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THE NEWS OF N?RF?LK ON PAGES f 3, fflpilii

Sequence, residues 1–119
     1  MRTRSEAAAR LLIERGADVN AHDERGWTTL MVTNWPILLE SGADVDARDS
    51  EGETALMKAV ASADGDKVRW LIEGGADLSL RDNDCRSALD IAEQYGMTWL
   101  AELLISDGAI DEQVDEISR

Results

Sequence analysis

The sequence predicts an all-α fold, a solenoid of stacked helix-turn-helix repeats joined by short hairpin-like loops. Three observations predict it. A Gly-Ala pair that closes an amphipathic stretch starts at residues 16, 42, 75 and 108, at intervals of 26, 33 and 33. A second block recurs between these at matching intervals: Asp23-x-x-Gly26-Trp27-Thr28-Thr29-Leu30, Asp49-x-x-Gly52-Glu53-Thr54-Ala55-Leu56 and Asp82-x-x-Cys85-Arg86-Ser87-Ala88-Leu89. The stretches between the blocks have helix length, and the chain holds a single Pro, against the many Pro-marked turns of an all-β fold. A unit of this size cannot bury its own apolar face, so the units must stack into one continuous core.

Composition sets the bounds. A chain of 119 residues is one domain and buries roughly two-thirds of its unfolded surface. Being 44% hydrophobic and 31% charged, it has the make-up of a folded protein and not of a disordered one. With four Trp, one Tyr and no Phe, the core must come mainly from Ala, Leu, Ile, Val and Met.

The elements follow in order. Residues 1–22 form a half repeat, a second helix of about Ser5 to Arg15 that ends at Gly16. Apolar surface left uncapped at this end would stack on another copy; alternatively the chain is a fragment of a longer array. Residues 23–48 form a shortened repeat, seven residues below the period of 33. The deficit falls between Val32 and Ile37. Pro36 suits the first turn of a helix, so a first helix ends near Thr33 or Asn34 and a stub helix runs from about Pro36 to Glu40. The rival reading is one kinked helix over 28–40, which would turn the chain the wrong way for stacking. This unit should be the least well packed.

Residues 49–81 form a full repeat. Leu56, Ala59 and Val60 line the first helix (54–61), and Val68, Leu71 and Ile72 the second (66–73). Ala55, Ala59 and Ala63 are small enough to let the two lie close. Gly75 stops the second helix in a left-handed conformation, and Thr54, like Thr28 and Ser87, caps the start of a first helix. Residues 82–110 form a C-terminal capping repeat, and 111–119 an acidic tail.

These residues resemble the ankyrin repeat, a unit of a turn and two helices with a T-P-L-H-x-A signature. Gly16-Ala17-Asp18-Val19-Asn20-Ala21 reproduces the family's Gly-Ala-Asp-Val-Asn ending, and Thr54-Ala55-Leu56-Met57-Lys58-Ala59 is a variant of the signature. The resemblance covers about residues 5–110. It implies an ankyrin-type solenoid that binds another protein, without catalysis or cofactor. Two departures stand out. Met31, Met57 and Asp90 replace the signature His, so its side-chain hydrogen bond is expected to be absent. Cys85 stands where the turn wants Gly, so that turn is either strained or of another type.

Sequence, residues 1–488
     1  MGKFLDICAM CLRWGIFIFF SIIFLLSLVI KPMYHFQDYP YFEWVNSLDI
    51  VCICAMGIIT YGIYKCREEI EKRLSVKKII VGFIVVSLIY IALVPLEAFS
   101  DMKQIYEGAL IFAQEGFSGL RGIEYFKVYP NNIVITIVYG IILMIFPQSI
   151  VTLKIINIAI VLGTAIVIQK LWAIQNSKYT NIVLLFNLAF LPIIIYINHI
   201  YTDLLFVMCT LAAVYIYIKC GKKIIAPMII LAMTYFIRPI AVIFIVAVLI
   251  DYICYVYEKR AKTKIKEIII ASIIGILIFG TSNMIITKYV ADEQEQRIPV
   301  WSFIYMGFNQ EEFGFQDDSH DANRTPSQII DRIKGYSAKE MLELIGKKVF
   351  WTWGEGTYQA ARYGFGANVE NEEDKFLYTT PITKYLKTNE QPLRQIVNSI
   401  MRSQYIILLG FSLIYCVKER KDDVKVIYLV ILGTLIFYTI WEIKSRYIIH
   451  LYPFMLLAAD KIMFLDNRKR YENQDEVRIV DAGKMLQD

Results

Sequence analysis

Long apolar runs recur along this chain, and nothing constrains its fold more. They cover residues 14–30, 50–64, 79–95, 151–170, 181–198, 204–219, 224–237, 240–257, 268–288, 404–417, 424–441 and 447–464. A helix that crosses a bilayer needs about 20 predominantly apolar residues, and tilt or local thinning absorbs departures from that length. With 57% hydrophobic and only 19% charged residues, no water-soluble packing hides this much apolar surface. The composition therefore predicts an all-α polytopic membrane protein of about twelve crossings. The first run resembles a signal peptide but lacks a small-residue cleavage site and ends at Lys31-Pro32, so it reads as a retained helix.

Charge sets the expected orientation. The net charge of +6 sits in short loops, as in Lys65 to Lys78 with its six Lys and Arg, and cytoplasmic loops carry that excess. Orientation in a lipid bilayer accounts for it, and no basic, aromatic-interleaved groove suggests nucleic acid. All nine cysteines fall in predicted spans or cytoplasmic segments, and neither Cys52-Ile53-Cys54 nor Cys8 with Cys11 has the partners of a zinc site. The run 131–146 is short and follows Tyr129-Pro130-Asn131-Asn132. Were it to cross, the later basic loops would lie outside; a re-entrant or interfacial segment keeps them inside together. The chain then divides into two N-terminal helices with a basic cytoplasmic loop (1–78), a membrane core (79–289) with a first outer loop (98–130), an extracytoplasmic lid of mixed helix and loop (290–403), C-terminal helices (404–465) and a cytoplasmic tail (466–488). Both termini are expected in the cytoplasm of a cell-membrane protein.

COURT DECISIONS, Notes of Cases Recently Decided, Which are of Interest to ?f Our People, DIGESTED BY W. R MARTIN. (Exclusively for Vlnclnlan-Pllat) FIRST N. BANK Y. HAWKINS. ETC. Supreme Court of the'United States. Way 15. 1899. ONE NATIONAL BANK .CANNOT LAWFULLY PURCHASE AND HOLD THE STOCK OF ANOTHER AS AN INVESTMENT. IN CASE OF SUCH PURCHASE, IT IS NOT ESTOPPED TO DENY ITS LIABILITY FOR AN ASSESSMENT ON SAID STOCK MADE BY THE COMPTROLLER. The plaintiff, as receiver of. the In? dianapolis National Bank, sued for an assessment of $100 a share on the stock of said Indlunapotin Bank, which had been made by the Comptroller of the Currency, on certain share:; of stock which Hie defendant bank had pur? chased and hold us an investment. The defendant claimed it was not liable for such assessment. The lower court gave judgment for the plaintiff, and the de? fendant appealed. The Court says: The questions presented for our con? sideration are whether one National bank can lawfully acquire and hold the slock of another as an Investment, and, If not, whether, In the case of such an actual purchase, the hank Is estopped to deny Us liability as an ap? parent stockholder for an assessment on such stock ordered by the Comptrol? ler of the Currency. In the recent case of California Nat. Bank v. Kennedy, U was said: "It Is clear, however, that a Nullonul bunk dues not possess tho power to deal In stocks. The prohibi? tion is implied from the failure to grant the power." ' Without pursuing this branch of the subject further, we arc satisfied to express our conclusion, upon principle and authority, that the plaintiff In error, as a National banking association, had no power or authority to purchase wlth?lts surplus funds as an Investment and hold as such slrircs of stock in the Indianapolis National Bank of Indianapolis. The remaining question for our deter? mination is whether the First National Rank of Concord* having, ns u matter of fact, but without authority of law, purchased and held as an Investment shares of stoc k in the Indianapolis Na? tional Hank, can protect Itself from a suit by the receiver of the latter brought to enforce the stockholders' li? ability under an assessment by the Comptroller of the Currency by alleging the unlawfulness of its own action. Tills question has been so recently answered by decisions of this court that It will be BUfltclent, for our present pur? pose, to cito those decisions without undertaking to fortify the reasoning and conclusions therein reached. (Tho court hero cites a number of cases showing that such illegal buy? ing of stock by a bank is void), and continues: If the previous reasoning be sound, whereby the conclusion was reached that, by reason or the limitations and provisions of the National banking statutes, it Is not competent Cor an as? sociation organized thereunder to take upon dtsolf, for investment, ownership of such stock, no intention ran be rea? sonably Imputed to Congress to subject the stockholders and creditors thereof, for whose protection those limitations and provisions were designed. In the same liability by reason of a void act on the pnrt of the ofllcers of the bauli. ns would have resulted from a lawful net. Reversed. ?WE1NKLE V. BRUNSWICK & W. R. CO. Supreme Court of Georgia, April 21, 1899. A CHARGE TO THE JURY THAT IF A RAILROAD COMPANY FAILED TO PRODUCE ALL OF ITS EM? PLOYES AT THE TIME OF THE ACCIDENT. THE JURY CAN IN? FER THAT SUCH ABSENT EM? PLOYES WOULD GIVE THE TES? TIMONY PREJUDICIAL TO THE DEFENSE IS ERRONEOUS. This was an action for the killing and injuring of certain mules of the plaintiff by the railro-ad company. The point decided is shown in the opinion of the court. The court says: The charge set forth In the fourth Jieadnote was erroneous. The law does not make It the duty of a litigant to produce witnesses, and this applies to railroads as well -as to natural persons. The law will sometimes allow infer? ence unfavorable to a litigant to be drawn by tho jury from the fact that witnesses who are accessible are not called and sworn. It is, however, no breach of duty on the pnrt of a liti? gant to fail or refuse' to produce wit? nesses to sustain a complaint or to prove a defense. It he fails or refuses to produce witnesses that are accessi? ble, lie must take the consequence; re? sulting from the Jury drawing an in? ference that such-failure or refusal was caused by the fact that such witnesses would, if produced, have testified to facts prejudicial to him. The Code de- j Clares that: "Where a party has evi? dence in his power and within his ] leach, by which he may repel a claim i*r charge against him, and omits to pro? duce it, or, having more certain and satisfactory evidence in his power, re? lies on that which is of a weaker -and inferior nature, a presumption arises that the charge or claim is well found? ed; hue ?this presumption may be re? butted." Civ. Code, section ?lf!3. But no presumption will ever arise prejudi? cial to tho party failing to produce the witness, provided the jury are satisfied from tile evidence before them tlv.it the party who had such witness accessible has nevertheless proven his claim or established his defense. The failure to call and have sworn witnesses who nrc accessible, and peculiarly within the power of a party, will authorize argu? ment by counsel before a jury that, In case the jury be in doubt as to the truth of the transaction, they might infer that the absent witness, if in court, would have furnished evidence prejudi? cial to the party who has failed to pro? duce them. If a litigant sees proper to rest his case upon one witness, al? though many others may be accessi? ble, he has a right to do so, and the law imposes upon him no .duty to do other? wise. Therefore tho law does not re? quire a miiroad company to produce all at lta employes who were engaged In the running of a train, the operation of which caused damage to any one, when a Bult growing out of such alleg? ed damage Is on trial. If the Jury be? lieves that the defense Is established out of tho mouths of the witnesses call? ed, they should not find against the company solely on the ground that there were other witnesses to the trans? action who were not produced. GARVIN V. GARVIN. ?? i Supremo Court of South Carolina, i June 22, 1S99. WHEN A MORTGAGE SECURED TWO NOTES HELD BY THE MORTGAGEE ONE OP WHICH WAS VALID AND THE OTHER NOT, THE COURT WILL NOT EN? FORCE THE DEED AS TO THE VALID NOTE. This was an action to enforce a mort- j guge made to secure two notes, one of which was for a vulid consideration and the other ostensibly for 9l,U0U, but real ly for future advances, both notes be? ing payable to the mortgagee. He falsely stated they were both for debts due tilth, and after the advances had been repaid him he sued on both notes lo foreclose the mortgage and the mortg-agce answered, udmitllng the validity of both notes, knowing that nothing wus due on one of them. There was a decree for plaintiff and defend? ants appealed. The court says: The first question raised by .the ex? ceptions Is whether the Circuit Judge erred In not Unding that the mortgage was null and void on the grounds thut the note for $1,000 was without consid? eration, and thai both the said note and mortgage were executed for the pur? pnsu of hindering, delaying, and de? frauding the creditors of Robert Carvin, deceased. Tho following facts aro established by the testimony: (1) The plaintiff had notice, at the lime the notes and mort? gage were executed, that Robert Garvln was Indebted to T. A. McCreery & Co. (-) No money was loaned by the plain? tiff to Robert Carvin at the time the notes and mortgage were executed, and, if the note for $1,001) had been given for advances thereafter to be made, it wc uld have been more natural lo have stated this fact than to have said it was for the payment of $1,000 In live years after date, with Interest from the time the note was executed, d) When the plaintiff was requested to give In? formation as.to the consideration of the mortgage, he did not state that the notb for $I;000 was in consideration of ad? vances thereafter to be made. He, howcyer; at that time, claimed that Robert Garvln was due him about (1,500, which he knew was not true. (-1) The plaintiff sail retained possession of the note for $1,000 after the amounts claimed to have been advanced were re? paid. 15) In this action the plaintiff brought suit on both notes, when he knew thai nothing was due on the $1.000 note. Fuilhcrmore, as evidence of mala Hue.-'. Robert Carvin In his answer admitted that both notes wore valid and unpaid, when he knew that nothing was chic on the "$1,000 note. These facts fern, upon us Hie con? clusion that the note for $l,000 was without consideration, and that both th.- said note and mortgage were ex? ecuted for flu purpose of hindering, de? laying, and defrauding the creditors of Robert Garvln, deceased. Having reached the conclusion that the plain? tiff and Robert (}. Garvln were guilty of actual fraud In the execution of the mortgage, it cannot .stand as security even for that part of the indebtedness that was bona Ilde. In the language of the boohs, "the court is not bound to disentangle a web of fraud to ascertain ir any good material be mixed in it." The ? xqeptlons raising this question are sustained. Reversed. Don't fall to vlrlt Miller. Rhoads & Co.'s Great Mill End Sale. REPENTANCE. DR. COHEN'S SERMON AT OHEF SHOLOM TEMPLE. On Friday evening Dr. S. R. Cohen, the new rubbl of Ohef Sholom Temple, preached an eloquent sermon on "Re? pentance, of which the following Is a resume: Text. Hasca xiv:2: "Return Israel, unto God. your Lord, for you ure stumbling In your transgressions." You ure not wholly sinful, you are not prostrate in sin?you have merely stumbled. It is In your power to return unto God, to cease transgression nnd i become'pure again. Judaism never holds that a man Is wholly sinful, that man Is thoroughly bad. It will merely say he has trans? gressed. Judaism meets this problem? as it meets all other problems?In mi essentially practlcat manner. It knows that the human being is a bundle of In? consistencies. One moment he has high Ideals, while in the next he has low alms: one minute lie does a mean act, the next minute lie covers ui> his re? treat by a grand sacrifice as atonement for his evil. Judaism knows, therefore, that tho majority Of evil nets perform? ed are dune in moments of careless? ness. Most of our acts are done when we are really ignorant of the result, nnd when we find that theresull is evil we usually cease performing the act. In other words we have within our? selves the power lo return t" God at all times. We are merely stumbling, nnd yet .the fact that we aro stunibllnjr is a warning to us that we may go too far. A practical illustration of this fact would be ocean bathing. The strong under-tow weakens you, and you are at last compelled lo return to the shore. If you do not. this under-current will drng you to a watery grave. Our text here could be read: Return unto the shore ami safely, for thou art stum? bling In thy weakness. In the soul there Is n strong under? current of transgressions from the ocean of evil. When we wado out into the ocean we hardly feel the strong under-current that is sapping our soul of its strength. Wo hardly realise when we do some little unkind deed or say an unkind word, that the under-low of evil is gaining the mastery over us. All nt once we venture out it little too far?we become a little more unkind, a little more selfish, a little more nsper slve. Our friends see this and begin to talk nbnut us, begin to avoid us. We are left severely alone. These ure the indications that we have gotten out a little too far in the ocean of evil: "Re? turn unto God. thy Lord, thou art stumbling In thy transgressions." Another practical illustration is a building built Upon an insecure foun? dation. It does not fall at onco, but gives indication of collapse long before the accident- If rennirs are made In time the building can be saved ami lives spared. So we build t)ie health of tho body upon an insecure foundation. The fln-dc-slcclo boy or girl must know everything human or divine?language,' literature, music, philosophy. The body cannpt stand the strain und the health gives away. They can't sloop, they can't eat. Their nerves are put on end by the least excitement. Their whole bodily structure is being rended and torn by the great strain. If something is not done to remedy the evil the ciasb will come?denth! "Thou art stumbling in thy transgressions; return unto Odd." So with tho merchant who puts too great n strain upon his bodily health. He will work fifteen hours a day. Will pay no attention to social, intellectual or religious functions. All nt once his mind becomes dull, he can't think. He has become spiritless, listless, nervous. These uro premonitions of a greater danger. These are warnings tliut the bodily structure .will fall with a crash If a change is not mnde. "Thou art stmbllng In thy transgressions: return unto God!" Tho young man starting out in life, with tho whole business nnd social world before him. Is load to believe by the glib talk of bis associates that he can twist the straight line of morality, iustico. honor, probity. He might go through the whole gamut of shady proceedings. The time comes when he Puds that he has butlded his card house upon a shifting bed of sands. He learns the sad truth that he must build again upon the firm foundation of truth, honor, chnstltv. justice., or remnln a cipher in his community. "Thou art stumbling- in try transgressions; re? turn unto God." You may ask me: "What is God, that I may return to htm?" Now we can? not know God In essence, but we do know God's attributes. They are good? ness, mercy, charity, love, benevolence, justice, etc. They are all things right. God Is righteousness, and when wo are urged to return to God it means to re? turn to goodness and shun evil; return to love of fellow-men and shun hatred of fellow-men; return to sincerity to? ward fellow-men and shun deception of fellow-men; return to mercy in exten? uation of tho acts of our fellow-men | and shun cruelty towards our fellow men. In short, return to the whole body of righteous acts toward our fel low-meti and toward our bodies, nnd shun the whole body of transgressions against our fellow-men and our own "bodies. For righteousness is godly, the good Is God, and when we do the rijrht toward our fellow-men,, our body nnd our soul, we have returned unto God. we have ceased stumbling in our transgressions. MR. C. T. CALER. OBSEQUIES OF THIS POPULAR YOUNG MAN. The obsequies of the late Mr. Chester T. Cater, who died in Ben Mar, Md., Thursday, were held from the Queen Street M. E. Church at 4 o'clock- yes? terday ofternoon In tho presence of a large assemblage of sorrowing friends' and relatives. Atlantic Lodge No. '2, A, F. and A. M., and the Royal Arca? num, of which the deceased was a mem? ber, were in attendance. The services were conducted by the pastor. Rev. S. O. Hatcher, assisted by Rev. Dr. II. E. Johnson, of Cumberland Street Church, nnd Rev. C. \V. l'ettlt. The floral tributes were numerous nnd very hand? some. The interment was in Elniwood Cemetery. The Stamford (Conn.) Advocate. In announcing the death of Mr. Caler, pays the following beautiful tribute to his life and character: "A dispatch from Bryn Mawr, Pa., to-day announces the death of Chester Ciller, of Norfolk, Va. To many in Stamford the news will be sad. indeed, for he had here acquaintances and friends who know the sense of loss which his deatli means to his family, and to the social circles with which he had long been identified. "Mr. Caler spent his boyhood In Stamford, and will be remembered by some as a student In tho High School when the late Allen P. Heals was its principal. Ills father was engaged in the business of dredging, and one of his contracts was tho digging out of the. canal, in the seventies. The family liv? ed hero for several years, removing to Norfolk; Vn., Mr. Caler having large contracts for dredging on the Chesa? peake Bay. '"When Chester attained young man? hood he entered Into business as the partner of IiIr father, and soon demon? strated that he possessed those quali? ties which are essential to a successful man of affairs. Gradually he assumed the chief management of tho business, which, under his direction, nssunied large proportions, and the firm nnmc I was throughout the section of country I in which It wns engaged a synonym for business rectitude. "Mr. Cnler, ns might be expected of a youmr man of his qualities, noon won a high place among tho best citizenship of Norfolk. He was universally re? spected, and his high character nnd sound judgment gained for him a large measure of esteem from all classes of people. He united with several frater? nal orders, and wns one of the officers nnd strongest supporters of one of the Methodist churches in the city. He possessed, apparently, a vigorous con? stitution, and had a capacity for work not often seen among the people of the South. A few months ago, to the sur? prise of his friends, his health failed, and symptoms of hasty consumption j appeared. The host physicians in Nor j folk wore consulted, as well as speeiaT I 1st? from Bnltimore. but they held out J little hope, except that In a more fav orablo climate his Mfe- might'-bo pro* longed. At times since theft' there have been slight improvements, but none to Justify the hone of recovery. Ho was, by the advice of his physicians, re? moved several weeks ago to Bryn Mawr. in the mountains of Pennsyl? vania.- and here he died. All that was possible was done for his comfort by loving hands, and when the end came he was surrounded by his wife, chil? dren, father and sister; "He was married to Miss Tda. Hol lett, a daughter of Mr. and Mrs. Henry Hollett, of Shtppen, to whom the fam? ily has paid a visit every summer for several years. The widow and two chil? dren survive hlm.? Next to these the blow will fall with greatest force upon his father, w ho had leaned upon him so much in his business affairs for so many years, and to whom he was oven more than a son-fa friend and a com? panion. The deceased had two sisters, both <>i' Wimm live in NotTolk, and a brother, who Is manager of a large furniture house in Baltimore; Mr. Caler took great pride in a beautiful house which he completed last spring In the most attractive section of Norfolk, and where he hoped to make his home. "Nothing but praise can be spoken of his character. He was guided by the highest idee Is in 'every walk of life. Absolutely fair in all his dealings, he despised everything that had the taint of dishonesty, lie was devoted to his family. He was true to bis friends. He was a Christian without cant or hypocrisy. His death, at the very prime of his usefulness, is it m>!sfortune indeed." "Woman's Work ts Never Done/' The constant care causes sleeplessness, loss of appetite, extreme ncr<voiisncss, ar.d \ that tired feeling. Bid a tuondcrfiU change comes tvhen Hood's Sars.iparilla is taken. It gk'cs pure, rich blood, good appetite, steady nemcs. %W0l1? ScvUapcfsiffc A GREAT GATHERING -OF Fall ana Winter novelties is now going on. Elias Ball is now in New York at present gathering in a very large assortment of Dress Goods, Novelties, Fancy Goods, Capes, Coats and Gents^ Furnishings, a large shipment of wh'ich have ar? rived and are now ready for inspec? tion. Our patrons, in buying their Fall and Winter necessaries, can rest as? sured that they will get the very latest and best assortment the market affords, at prices that are as reasona? ble as can possibly be made. The show is now going on; con? tinuous performance from /Monday morning until late Saturday night, at 362 MAIN STREET. WHERE SHOPPING is a PLEASURE I We're ouuaiKca otten-outdone never. Fall's Here-"That is if Hats are a sign. One by one all the new Derby blocks^ have made their appearance DUNLOP, KNOX, YOU MANS, MILLER, and the SAKS SPECIAL besides ail the fash^ ionable shapes In Fedoras. $1.00 to S4.00. If you are going to judge Hat-values by . price ^yqii| must take into consideration that we buy direct from the|! f.ictories-and that we are controlled by no makers^ Facts that concern you more than you think--savf ;a"i dollar or two on the price of any Hat. The responsibility for your satisfaction rests with us--you buy with, our ? guarantee. The counters are full of Top Coats- -another Fall sign. , 234; and 236 Main Street. ^?-.?-?,-_ HATCH St DE?N, The Men's Furnishers of Norfolk. Our Specials Are White Squadron Collars and Cuffs. Collars, any style, 10c. each, $1.00 per doz. Cuffs, any style, \2lAc. per pair, $1.50 per doz. nrnioiier? Halt Hose 4 pair in box for 50c. Same quality as is usually sold at 20c, ot ) pair for 50c. THE LARGEST LINE OF Fine Fancy Hose |n the city. Prices range from 50c. to St.50 per pair. Fall and Winter Neckwear JUST PLACED ON OUR COUNTERS. Ready for your inspection. SUM JMbis ana men's fnii?is af Molt, 25 and 27 Granby Street. CONTRACTORS AND BUILDERS. In tho market for Lime Port? land or American Cement Plas? ter. Hair, Chimney Pipe, Flro Brick. Lath or Shingles. Sco us before you buy. 'Wo aro sole agent* for Acmo Cement Plas? ter New No. 145 Water street. BATCHELDER & COLLINS For Over Fifty Years MRS. WINSLOW'S Soothing Syrup has been used for children while teeth? ing. It soothe9 tho child, softens tho gums, allays all pain, cures wind oollo.' regulates the stmach and bowels.' ana la tho beat remedy for diarrhoea. Twenty! live conts a bottle. Sold by all druggists throughout the world. ' The winds and rains are coming a-roaring and a-pour ing upon us soon. Have you equipped yourself for the pluv? ial occasion ? An umbrella is what you need?one that is strong and fadeless. . That's the kind we keep ; we don't handle loose, shaky Umbrellas. Therefore you should buy yours here, for two reasons: 1 ? The manufacturer guarantees the color. 2. We guarantee the price. Wen's Umbrellas from 98c. and up. Women's Umbrellas from 98c. to $6.89* Furs?Coats? The cold wave is coming'. Just opened, a full line of all kinds of furs? capes and collarettes?minks and muffs. Magnificent array of styles?seal and sable?astrachan and coney?-bear, muf low and lamb. Short and smooth? long and shaggy. Black and white brown and grizzle. Prices S3.50 to ?qo.OO. Black and colored beaver coals? lined with silk?correct lengths?S9-S9 to ?l 2.00. New golf capes?made of chinchilla?plain blue outside?gorgeous plaids inside?surrounded with colored twisted fringe- Capuchin Hood?prices 311.89 and Si4.89. We would be glad to show you these furs, coats and capes. After seeing them we know you would be covetous and templed to buy. Large assortment conect styles?popular prices. Next Door West of the Academy ot Music Entrance. Fine Flannels These embroidered flannels of ours are simply superb?charming. The mate? rial is line and all wool. The embroid? ering is faullless?exquisite?artistic? beautiful. Links and rings and sprays and webs and scollops and dots all in a medley too dainty?delicate lo describe. Prices 59, 75, 89, $1-00, $1.39 and $1.50 a yard. New eider downs in pink and blue? red and gray at 35c. a yard. Width 27 inches. Thick nap. All wool, (will red flannels at 25, 40 and 50c. a yard. Made by the best makers. Immense line of white flannels in wool-mixed and an- vool. All widths-?wide'and narrow. Ajl prices--16?i lo 69c. a yard. 32 |nch navy blue twill flannels 45 and 50c. a vaid Colored Goods Of the Season. High Novelty Dress Goods?Golf Plaids, Homespuns and Melrose Suitings ?are in vogue for (he approaching sea? sons?Fall and Winter. We have opened up an unusually attractive assortment of all these. All kinds for all minds. Gaudy for the gorgeous taste?subdued for die simple laste. 58-inch extra heavy double-faced Suit? ing, plain face, plaid back, $2.50 and $}.50ayard. Rich and stylish. Being extra heavy and double faced, these .suitings don't require linings. The lin? ing and ihe material are combined in one. 56-inch Stylish Plaids in great variety, $1.25 and $1.50. Greys, blues, browns and greens charmingly combined. 58-inch plain grey Horn (spun, SI.00. 50-inch tan Melrose, 75c. 50-inch navy blue Venetian, 75c. 38-inch all-wool Suitings, 25c. a yard. Proper colors. Black Goods Of the Season. Below we append the names of nearly all the wonted weaves that will be in demand this season. Not a single thing is mentioned that will not be in demand. So, you see the assortment and simply select your favorite fabric, and it will be a stylish one. 54-in. smooth Venetian Cloth, Si yd. 44-in. fine French Serge, 50c. yd. 50-in. rough Storm Serge, 75c yd. 5o-in. fine grade of Broadcloth,$l yd. 40-in. nappy twill Nuns Cloth, 59c. yd. 44-in. tine French Poplin, 75c. yd. Priestley's line wool Powderette, for mourning dress, $1.25 a yard. Width 42 inches. 3S-inch reversible Black Brilliantine, 59c. a yard. 44-inch New Magnet Cloth, 75c. yard. All-wool Black Flannel, 25c. a yard. Width 34 inches. Blankets and =gj Underwear. 3 The bins are filled and the shelves are heaped high with new winter blankets? blankets of all colors, classes, sizes and prices. Buy your blankets now?there's ?*m not a better time. Buy them here? - <*j there's not a better place. Some out tell mg us, but none out sell us. $3.98 for a soft, pure-wool 11-4 blanket. $6.89 for an extra size, extra heavy, pure-wool 12-4 blanket. S2.S9 for a fine white wool 11-4 blanket. $4.S9 for a soft, genuine wool 11-4 red blanket. All wool grey blankets at moderate prices. Ladies' Australian lamb's wool ribbed vests, $1.00 each. Well shaped?cov? ered seams. Men's fine white wool shirts?well made?neatly finished? $1.00 each. These are winter good?/. No. 206 MAIN STREET NORFOLK, VA. New Telephone 822.